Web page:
We all know that Chicken Soup for the Soul by Jack Canfield is popular for inspirational true stories. And I am going to share my own version of chicken soup story, reminiscing my childhood story.
What’s the most nostalgic memory of your childhood? Your first book? Christmas parties and gifts? For me, it’s my mama’s chicken soup. Food that we cherished at home often left unforgettable happy memories. Food shared among family and friends unites and bonds friendship.
I could still remember the chipped white and blue enameled pot sitting on the charcoal stove, its contents bubbling, steam rising as if from an active volcano. When I entered the kitchen, the aroma was not only mouthwatering but reassuring. Whether my maid or my mother was standing over the pot stirring with a long wooden ladle or not, I knew I was home.
There was no exact recipe for her chicken soup. The chicken soup always evolves from generation to generation. It had been so since her childhood in the harbor city of Surabaya. My mama learned the soup recipe from her mother (grandma), who had inherited it from generations of grandmas. My mother was raised in such a large family. Chicken soup definitely fed all her siblings and none ever went hungry. It was a family recipe. And every family makes chicken soup differently.
My mama’s chicken soup is a clear soup, had a mix of vegetables like carrots, potatoes, french bean plus chicken, sausages and fried prawn dough added into the soup. Each potato and carrot were peeled, the french bean was cut into small pieces and the whole chicken was boiled until they produced thick broth. I often watched my maid cook the chicken soup and sometimes I couldn’t wait until the soup was ready to serve. I ate the fried prawn dough first before the soup was ready to serve. My mama knew something missing in the soup. My maid said, “It was the little girl who finished all the fried prawn dough.”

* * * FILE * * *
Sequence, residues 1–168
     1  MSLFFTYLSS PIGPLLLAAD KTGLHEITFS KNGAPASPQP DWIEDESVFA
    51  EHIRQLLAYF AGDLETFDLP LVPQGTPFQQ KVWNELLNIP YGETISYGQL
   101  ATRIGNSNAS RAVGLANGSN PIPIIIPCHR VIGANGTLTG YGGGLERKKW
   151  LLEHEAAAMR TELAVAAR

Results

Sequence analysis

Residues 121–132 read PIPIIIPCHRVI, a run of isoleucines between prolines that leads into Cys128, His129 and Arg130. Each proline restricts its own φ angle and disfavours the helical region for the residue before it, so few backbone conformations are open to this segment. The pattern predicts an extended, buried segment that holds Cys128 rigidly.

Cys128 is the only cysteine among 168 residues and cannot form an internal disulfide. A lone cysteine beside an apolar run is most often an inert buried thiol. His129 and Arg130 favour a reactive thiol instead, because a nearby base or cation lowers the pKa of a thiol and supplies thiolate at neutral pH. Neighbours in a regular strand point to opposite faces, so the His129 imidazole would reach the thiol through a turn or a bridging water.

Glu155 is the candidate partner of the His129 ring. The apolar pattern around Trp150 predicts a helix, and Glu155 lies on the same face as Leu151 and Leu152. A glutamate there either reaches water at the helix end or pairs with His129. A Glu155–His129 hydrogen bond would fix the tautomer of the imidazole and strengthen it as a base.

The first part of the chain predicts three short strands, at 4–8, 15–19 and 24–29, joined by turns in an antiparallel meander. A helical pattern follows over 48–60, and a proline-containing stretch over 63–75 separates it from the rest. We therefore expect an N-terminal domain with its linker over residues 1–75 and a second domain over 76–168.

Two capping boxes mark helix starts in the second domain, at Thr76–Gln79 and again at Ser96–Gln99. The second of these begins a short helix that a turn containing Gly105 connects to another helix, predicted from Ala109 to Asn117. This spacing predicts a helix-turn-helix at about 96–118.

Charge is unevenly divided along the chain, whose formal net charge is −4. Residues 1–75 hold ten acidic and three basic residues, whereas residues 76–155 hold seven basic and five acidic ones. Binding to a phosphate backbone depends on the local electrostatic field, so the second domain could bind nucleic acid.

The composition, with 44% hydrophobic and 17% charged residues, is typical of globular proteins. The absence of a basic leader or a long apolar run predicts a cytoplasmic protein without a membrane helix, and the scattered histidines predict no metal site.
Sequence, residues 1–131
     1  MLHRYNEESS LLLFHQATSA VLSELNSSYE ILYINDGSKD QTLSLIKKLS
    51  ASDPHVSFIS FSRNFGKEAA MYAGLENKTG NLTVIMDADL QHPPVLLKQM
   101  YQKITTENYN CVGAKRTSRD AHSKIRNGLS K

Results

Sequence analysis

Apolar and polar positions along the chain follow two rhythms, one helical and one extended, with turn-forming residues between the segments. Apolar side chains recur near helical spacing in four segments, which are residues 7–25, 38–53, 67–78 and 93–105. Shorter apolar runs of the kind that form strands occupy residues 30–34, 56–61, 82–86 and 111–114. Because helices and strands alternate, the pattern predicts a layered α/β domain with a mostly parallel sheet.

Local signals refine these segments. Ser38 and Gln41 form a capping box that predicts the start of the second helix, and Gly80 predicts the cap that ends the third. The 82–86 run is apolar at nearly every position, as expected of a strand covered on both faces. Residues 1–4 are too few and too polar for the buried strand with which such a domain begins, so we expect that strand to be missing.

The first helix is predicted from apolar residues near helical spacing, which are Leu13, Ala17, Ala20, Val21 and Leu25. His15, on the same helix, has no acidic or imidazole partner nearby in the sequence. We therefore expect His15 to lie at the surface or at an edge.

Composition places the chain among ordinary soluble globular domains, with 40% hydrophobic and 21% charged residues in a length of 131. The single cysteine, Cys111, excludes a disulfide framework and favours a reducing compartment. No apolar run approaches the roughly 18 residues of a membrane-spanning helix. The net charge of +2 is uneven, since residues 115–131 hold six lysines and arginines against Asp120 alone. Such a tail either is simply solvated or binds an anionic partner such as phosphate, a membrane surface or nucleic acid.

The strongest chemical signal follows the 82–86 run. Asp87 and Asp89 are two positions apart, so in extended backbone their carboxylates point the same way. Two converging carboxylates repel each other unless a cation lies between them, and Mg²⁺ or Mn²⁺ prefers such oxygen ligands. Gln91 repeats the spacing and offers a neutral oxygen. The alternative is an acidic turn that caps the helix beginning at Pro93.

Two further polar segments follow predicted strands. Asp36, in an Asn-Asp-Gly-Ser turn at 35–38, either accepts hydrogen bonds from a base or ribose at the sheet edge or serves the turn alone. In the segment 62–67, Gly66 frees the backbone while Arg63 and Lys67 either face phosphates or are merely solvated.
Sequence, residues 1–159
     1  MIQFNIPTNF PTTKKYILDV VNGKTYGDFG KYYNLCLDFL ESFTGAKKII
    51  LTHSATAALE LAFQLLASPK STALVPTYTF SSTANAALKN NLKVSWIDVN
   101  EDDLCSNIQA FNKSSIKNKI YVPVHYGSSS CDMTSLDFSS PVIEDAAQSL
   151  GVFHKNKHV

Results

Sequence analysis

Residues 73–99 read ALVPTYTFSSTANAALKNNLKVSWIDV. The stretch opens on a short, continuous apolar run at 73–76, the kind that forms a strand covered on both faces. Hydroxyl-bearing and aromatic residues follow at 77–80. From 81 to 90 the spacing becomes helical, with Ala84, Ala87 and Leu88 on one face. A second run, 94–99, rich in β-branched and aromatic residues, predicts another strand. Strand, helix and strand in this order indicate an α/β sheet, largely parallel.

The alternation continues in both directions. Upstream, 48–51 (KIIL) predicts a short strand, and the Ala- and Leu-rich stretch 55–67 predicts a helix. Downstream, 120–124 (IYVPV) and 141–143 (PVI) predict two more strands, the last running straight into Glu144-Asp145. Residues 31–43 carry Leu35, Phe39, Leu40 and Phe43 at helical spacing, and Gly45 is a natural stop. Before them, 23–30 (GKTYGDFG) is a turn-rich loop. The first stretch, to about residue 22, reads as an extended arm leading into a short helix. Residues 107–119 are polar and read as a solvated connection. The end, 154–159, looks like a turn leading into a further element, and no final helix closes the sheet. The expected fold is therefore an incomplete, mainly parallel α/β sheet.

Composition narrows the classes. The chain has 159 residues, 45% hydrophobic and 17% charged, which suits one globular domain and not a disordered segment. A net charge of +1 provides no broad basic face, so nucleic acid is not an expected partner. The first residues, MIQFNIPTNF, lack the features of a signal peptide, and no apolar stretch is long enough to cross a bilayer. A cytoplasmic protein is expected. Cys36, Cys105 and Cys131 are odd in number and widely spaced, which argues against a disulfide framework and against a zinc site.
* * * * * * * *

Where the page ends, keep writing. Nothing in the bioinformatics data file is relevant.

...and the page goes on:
At one time, however, I compared mama’s chicken soup with my aunt’s chicken tomato soup. My aunt’s chicken soup was like red tomato soup with only carrot, tomatoes and plenty of meat, ham and sausages. My aunt was a tall woman and she was very talkative because she was from another province and she had a big family. Often, she invited us and other relatives for family gathering. She cooked red tomato soup and other delicious food. The food was good, and we often finished them, served hot from her kitchen. Moreover, the conversation matched the food. Everything was so good. My aunt’s family, our family and other relatives were noisy, and the conversation in the living room was lively. And we laughed while chatting! Today, my cousins and I are grown up old. When they rekindled the past, they remembered how they visited our home or aunt’s home and remembered the food, especially the chicken soup.
Years passed. My mama’s chicken soup is the favourite dish in my family. That’s how my children called it. I raised two daughters and my mama’s chicken soup recipe is part of their heritage now. And getting around the table to eat mama’s chicken soup with my children and husband is the most cherished and healing family experience for them. I hope when my children grow and spread their wings and leave the parents’ home, mama’s chicken soup will bring back happy and healing memories of their childhood. And it will be something that will grow strong family bond between them and their children.